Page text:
Search Images Maps Play YouTube News Gmail Drive More »
Sign in
Screen reader users: click this link for accessible mode. Accessible mode has the same essential features but works better with your reader.

Patents

  1. Advanced Patent Search
Publication numberUS7542484 B2
Publication typeGrant
Application numberUS 10/675,463
Publication dateJun 2, 2009
Filing dateSep 30, 2003
Priority dateSep 30, 2003
Fee statusPaid
Also published asUS20050068991
Publication number10675463, 675463, US 7542484 B2, US 7542484B2, US-B2-7542484, US7542484 B2, US7542484B2
InventorsAndrew Jarabek, Aris Tombul
Original AssigneeNortel Networks Limited
Export CitationBiBTeX, EndNote, RefMan
External Links: USPTO, USPTO Assignment, Espacenet
Managing payload specific latencies in a cross-connect system
US 7542484 B2
Abstract
A method and apparatus for managing latency includes receiving data from synchronous transport signals (STS) and virtual tributary (VT) sources, providing a provisioning bit for each output associated with a memory, and adjusting a pointer for the VT sources based on the provisioning bit such that the STS and VT outputs are synchronized.
Images(5)
Previous page
Next page
Claims(21)
1. A method for managing latency comprising:
receiving data from high-order synchronous transport module (STM) and synchronous transport signal (STS) sources and low-order tributary unit (TU) and virtual tributary (VT) sources;
providing a provisioning bit for each output; and
synchronizing high-order and low-order outputs by adjusting a pointer for the low-order sources based on the provisioning bit.
2. The method of claim 1 further comprising determining an adjustment for the pointer based on a predetermined delay.
3. The method of claim 1 wherein said adjusting the pointer includes adjusting the pointer by a predetermined number of time slots.
4. The method of claim 1 further comprising:
assembling synchronized outputs.
5. The method of claim 1 wherein said adjusting step comprises:
adjusting the pointer such that the high-order sources incur less delay than low-order sources.
6. The method of claim 1 wherein said providing a provisioning bit includes storing the provisioning bit in a connection memory.
7. The method of claim 1 wherein said adjusting a pointer for the low-order sources based on the provisioning bit includes adjusting the pointer when the provisioning bit is set.
8. The method of claim 7, further comprising:
setting the provisioning bit for low-order sources.
9. The method of claim 1 wherein said adjusting a pointer for the low-order sources based on the provisioning bit includes not adjusting the pointer when the provisioning bit is not set.
10. The method of claim 9 further comprising:
setting the provisioning bit for high-order sources.
11. A computer program product tangible embodied on a computer readable medium, for provisioning cross-connects in network switching environment comprising instructions for causing a computer to:
receive data from high-order synchronous transport module (STM) and synchronous transport signal (STS) sources and low-order tributary unit (TU) and virtual tributary (VT) sources;
store the data received in a memory for subsequent output;
provide a provisioning bit for each output; and
synchronize low-order and high-order outputs by adjusting a pointer for the low-order sources based on the provisioning bit.
12. The computer program product of claim 11 further comprising instructions for causing a computer to:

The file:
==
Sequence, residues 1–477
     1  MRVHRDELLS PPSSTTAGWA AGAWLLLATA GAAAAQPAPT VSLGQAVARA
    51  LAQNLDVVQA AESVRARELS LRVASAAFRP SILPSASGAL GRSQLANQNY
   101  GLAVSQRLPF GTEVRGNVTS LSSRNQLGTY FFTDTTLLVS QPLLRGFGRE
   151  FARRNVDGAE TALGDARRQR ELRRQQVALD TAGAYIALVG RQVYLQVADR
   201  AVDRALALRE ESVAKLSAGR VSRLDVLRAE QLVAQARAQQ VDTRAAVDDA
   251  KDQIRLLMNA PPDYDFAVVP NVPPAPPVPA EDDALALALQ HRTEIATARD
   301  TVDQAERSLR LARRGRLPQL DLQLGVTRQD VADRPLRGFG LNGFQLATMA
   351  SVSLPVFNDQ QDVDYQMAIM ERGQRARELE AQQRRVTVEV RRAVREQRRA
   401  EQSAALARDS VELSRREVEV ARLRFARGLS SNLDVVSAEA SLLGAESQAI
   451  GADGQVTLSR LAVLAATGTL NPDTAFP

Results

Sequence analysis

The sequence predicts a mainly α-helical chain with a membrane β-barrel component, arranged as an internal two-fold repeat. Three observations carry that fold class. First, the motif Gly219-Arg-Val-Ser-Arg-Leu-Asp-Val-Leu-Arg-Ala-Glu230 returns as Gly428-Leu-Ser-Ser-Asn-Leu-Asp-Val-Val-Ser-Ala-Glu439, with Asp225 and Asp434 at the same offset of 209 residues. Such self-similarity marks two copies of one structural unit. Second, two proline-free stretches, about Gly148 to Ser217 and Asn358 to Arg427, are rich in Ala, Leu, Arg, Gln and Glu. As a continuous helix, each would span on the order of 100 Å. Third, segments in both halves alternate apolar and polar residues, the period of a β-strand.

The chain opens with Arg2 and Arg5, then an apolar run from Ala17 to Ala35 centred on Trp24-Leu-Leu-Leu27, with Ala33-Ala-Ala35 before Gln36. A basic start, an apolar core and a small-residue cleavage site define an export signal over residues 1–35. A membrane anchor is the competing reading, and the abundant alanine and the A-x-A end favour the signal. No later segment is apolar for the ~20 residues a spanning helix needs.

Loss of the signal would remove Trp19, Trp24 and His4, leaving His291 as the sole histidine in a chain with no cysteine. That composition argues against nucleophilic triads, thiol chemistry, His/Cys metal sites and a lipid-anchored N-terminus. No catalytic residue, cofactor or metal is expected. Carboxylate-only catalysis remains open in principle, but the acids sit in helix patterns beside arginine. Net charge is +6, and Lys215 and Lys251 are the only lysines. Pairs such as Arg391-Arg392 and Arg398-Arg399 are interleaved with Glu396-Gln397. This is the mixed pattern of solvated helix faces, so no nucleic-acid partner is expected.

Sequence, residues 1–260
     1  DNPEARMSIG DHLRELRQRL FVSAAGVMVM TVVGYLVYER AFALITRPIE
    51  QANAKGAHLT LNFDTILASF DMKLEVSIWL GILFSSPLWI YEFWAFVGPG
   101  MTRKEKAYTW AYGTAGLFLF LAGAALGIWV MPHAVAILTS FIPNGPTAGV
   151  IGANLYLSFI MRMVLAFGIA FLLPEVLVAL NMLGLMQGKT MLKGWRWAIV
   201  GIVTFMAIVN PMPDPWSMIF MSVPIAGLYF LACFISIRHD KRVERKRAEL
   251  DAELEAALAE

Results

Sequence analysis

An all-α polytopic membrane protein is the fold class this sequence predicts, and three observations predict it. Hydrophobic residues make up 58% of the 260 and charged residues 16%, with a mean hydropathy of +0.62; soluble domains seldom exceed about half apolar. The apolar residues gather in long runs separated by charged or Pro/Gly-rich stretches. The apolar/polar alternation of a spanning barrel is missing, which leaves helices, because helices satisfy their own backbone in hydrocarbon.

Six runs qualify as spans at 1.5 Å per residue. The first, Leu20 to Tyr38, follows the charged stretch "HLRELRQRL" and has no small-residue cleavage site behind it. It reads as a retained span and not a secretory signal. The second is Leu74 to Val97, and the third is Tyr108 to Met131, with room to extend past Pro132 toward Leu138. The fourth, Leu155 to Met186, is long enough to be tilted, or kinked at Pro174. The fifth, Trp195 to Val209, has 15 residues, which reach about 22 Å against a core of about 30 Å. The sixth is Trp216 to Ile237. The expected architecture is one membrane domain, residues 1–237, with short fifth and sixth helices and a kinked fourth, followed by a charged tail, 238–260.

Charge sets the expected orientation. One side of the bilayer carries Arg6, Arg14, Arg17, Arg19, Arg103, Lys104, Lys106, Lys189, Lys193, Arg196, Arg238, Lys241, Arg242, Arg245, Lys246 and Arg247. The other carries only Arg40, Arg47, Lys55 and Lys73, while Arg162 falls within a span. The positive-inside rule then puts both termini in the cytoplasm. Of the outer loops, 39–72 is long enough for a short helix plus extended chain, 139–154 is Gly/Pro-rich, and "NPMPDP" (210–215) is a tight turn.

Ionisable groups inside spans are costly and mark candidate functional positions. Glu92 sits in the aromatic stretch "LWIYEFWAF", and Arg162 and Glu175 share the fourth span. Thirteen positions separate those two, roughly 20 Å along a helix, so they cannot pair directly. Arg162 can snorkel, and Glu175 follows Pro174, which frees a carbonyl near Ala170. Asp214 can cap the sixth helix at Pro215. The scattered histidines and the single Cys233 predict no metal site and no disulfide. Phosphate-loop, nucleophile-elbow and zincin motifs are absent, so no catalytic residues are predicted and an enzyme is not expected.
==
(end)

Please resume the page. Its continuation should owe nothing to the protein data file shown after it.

determine an adjustment for the pointer based on a predetermined delay.
13. The computer program product of claim 11 further comprising instructions for causing a computer to:
adjust the pointer by a predetermined number of time slots.
14. The computer program product of claim 11 further comprising instructions for causing a computer to:
assemble synchronized outputs from the memory.
15. The computer program product of claim 11 further comprising instructions for causing a computer to:
adjust the pointer to synchronize the output of the low-order and high-order sources, wherein the high-order sources incur less delay to pass through the memory than low-order sources.
16. The computer program product of claim 11 further comprising instructions for causing a computer to:
store the provisioning bit in a connection memory.
17. The computer program product of claim 11 further comprising instructions for causing a computer to:
adjust a pointer for the low-order sources based on the provisioning bit includes adjusting the pointer when the provisioning bit is set.
18. The computer program product of claim 11 further comprising instructions for causing a computer to:
adjust a pointer for the low-order sources based on the provisioning bit includes not adjusting the pointer when the provisioning bit is not set.
19. An apparatus including:
a first circuit configured to receive data from high-order synchronous transport module (STM) and synchronous transport signal (STS) sources and low-order tributary unit (TU) and virtual tributary (VT) sources;
a memory for storing the data received for subsequent output;
a connection memory for storing a provisioning bit for each output;
a second circuit configured to synchronize the low-order and high order outputs by adjusting a pointer for the low-order sources based on the provisioning bit.
20. The apparatus of claim 19 wherein the second circuit is configured to adjust the pointer by a predetermined number of time slots.
21. The apparatus of claim 19 wherein the second circuit is configured to adjust the pointer to synchronize the output of the high-order and low-order sources, wherein the high-order sources incur less delay to pass through the memory than low-order sources.